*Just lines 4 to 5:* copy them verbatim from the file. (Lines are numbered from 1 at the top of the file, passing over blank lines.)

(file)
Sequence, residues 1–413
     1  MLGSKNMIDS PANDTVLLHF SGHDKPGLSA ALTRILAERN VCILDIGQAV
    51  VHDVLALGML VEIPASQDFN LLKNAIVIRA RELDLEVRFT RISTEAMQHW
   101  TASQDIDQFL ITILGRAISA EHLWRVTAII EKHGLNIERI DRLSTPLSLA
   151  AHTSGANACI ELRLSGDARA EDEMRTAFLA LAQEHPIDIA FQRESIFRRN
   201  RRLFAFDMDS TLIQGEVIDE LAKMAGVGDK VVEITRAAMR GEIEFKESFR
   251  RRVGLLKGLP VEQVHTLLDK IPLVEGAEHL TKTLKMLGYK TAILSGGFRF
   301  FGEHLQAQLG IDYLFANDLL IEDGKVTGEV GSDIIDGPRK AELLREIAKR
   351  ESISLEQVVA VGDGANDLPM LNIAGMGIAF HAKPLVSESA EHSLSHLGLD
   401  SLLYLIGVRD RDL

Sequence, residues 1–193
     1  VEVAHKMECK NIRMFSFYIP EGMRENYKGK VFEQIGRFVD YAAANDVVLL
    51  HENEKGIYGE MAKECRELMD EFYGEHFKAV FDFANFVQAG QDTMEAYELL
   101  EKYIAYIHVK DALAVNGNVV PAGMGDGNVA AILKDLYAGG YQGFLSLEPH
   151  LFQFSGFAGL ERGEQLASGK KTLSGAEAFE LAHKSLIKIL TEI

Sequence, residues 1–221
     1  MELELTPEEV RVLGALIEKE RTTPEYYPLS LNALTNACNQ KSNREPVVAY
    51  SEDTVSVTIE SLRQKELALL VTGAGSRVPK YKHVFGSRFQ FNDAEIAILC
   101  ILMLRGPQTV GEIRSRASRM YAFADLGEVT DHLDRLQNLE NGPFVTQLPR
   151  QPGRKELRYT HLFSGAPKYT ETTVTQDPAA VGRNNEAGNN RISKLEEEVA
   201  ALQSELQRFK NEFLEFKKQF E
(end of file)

   101  TASQDIDQFL ITILGRAISA EHLWRVTAII EKHGLNIERI DRLSTPLSLA
   151  AHTSGANACI ELRLSGDARA EDEMRTAFLA LAQEHPIDIA FQRESIFRRN